Food Standards Agency changes rules on what can be kept in the fridge

Storing potatoes in the fridge was previously thought to increase risk of cancerous chemical

Maryam Zakir-Hussain
Monday 27 February 2023 09:54 GMT
Potatoes can now be stored in the fridge, food experts say
Potatoes can now be stored in the fridge, food experts say (Getty Images/iStockphoto)

Potatoes can now be stored in the fridge, food experts have said as they U-turn from years of warning about the dangers of chilling the humble spud.

It was previously believed that storing potatoes in the fridge had harmful effects on health due to the production of acrylamide, a chemical that is thought to increase the risk of cancer.

Experts believed this chemical was formed as starches turn into sugars in the cold temperatures.

However, the Food Standards Agency (FSA) has recently advised that potatoes can be kept in the fridge, and doing so can actually increase their shelf life.

The food watchdog explains on its website: “We previously advised consumers against the storage of raw potatoes in the fridge at home as it was thought this could lead to the formation of additional sugars (known as cold sweetening), which can then convert into acrylamide when the potatoes are fried, roasted or baked.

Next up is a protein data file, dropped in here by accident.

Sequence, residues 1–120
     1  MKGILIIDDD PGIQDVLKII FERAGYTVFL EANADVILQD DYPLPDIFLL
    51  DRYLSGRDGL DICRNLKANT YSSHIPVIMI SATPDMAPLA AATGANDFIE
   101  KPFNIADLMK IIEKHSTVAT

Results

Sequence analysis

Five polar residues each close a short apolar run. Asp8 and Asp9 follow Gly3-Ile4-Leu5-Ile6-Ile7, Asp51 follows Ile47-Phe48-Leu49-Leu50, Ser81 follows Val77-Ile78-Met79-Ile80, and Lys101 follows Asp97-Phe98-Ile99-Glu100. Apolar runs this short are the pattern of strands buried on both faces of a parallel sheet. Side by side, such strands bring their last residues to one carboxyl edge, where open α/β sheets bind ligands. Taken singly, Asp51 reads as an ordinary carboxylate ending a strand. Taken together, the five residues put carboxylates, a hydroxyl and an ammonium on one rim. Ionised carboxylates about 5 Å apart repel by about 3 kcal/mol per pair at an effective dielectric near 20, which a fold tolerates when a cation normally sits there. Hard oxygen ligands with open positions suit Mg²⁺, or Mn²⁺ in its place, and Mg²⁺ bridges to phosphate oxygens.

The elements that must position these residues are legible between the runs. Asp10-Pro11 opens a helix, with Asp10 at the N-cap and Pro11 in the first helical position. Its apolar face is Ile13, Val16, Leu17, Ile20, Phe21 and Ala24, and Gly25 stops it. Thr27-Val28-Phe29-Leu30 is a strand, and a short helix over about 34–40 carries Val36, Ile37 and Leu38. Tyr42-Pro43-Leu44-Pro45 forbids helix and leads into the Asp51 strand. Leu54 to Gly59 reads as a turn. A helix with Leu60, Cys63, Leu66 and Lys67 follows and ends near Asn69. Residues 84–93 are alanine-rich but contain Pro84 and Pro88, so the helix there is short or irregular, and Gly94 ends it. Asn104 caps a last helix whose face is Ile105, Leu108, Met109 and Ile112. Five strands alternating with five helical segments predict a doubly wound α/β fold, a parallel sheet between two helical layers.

“A recent study, which has been reviewed by the Committee on the Toxicity of Chemicals in Food, Consumer Products and the Environment (COT), has shown that home storage of potatoes in the fridge doesn’t materially increase acrylamide forming potential when compared to storage in a cool, dark place.

“So, if you wish to help avoid food waste, you can choose to store either in the fridge or in a cool, dark place,” it adds.

The updated guidance will be welcomed by households who are dealing with supermarket rationings which is expected to last weeks.

Tesco and Aldi are limiting customers to three units of tomatoes, peppers and cucumbers as a precautionary measure, while Asda is also limiting customers on lettuce, salad bags, broccoli, cauliflower and raspberries, and Morrisons has set a limit of two items per customer across tomatoes, cucumbers, lettuce and peppers.

Retailers believe the problems stem from poor yields on the continent and north Africa, and that supplies will improve in the coming days or weeks.

Join our commenting forum

Join thought-provoking conversations, follow other Independent readers and see their replies


Thank you for registering

Please refresh the page or navigate to another page on the site to be automatically logged inPlease refresh your browser to be logged in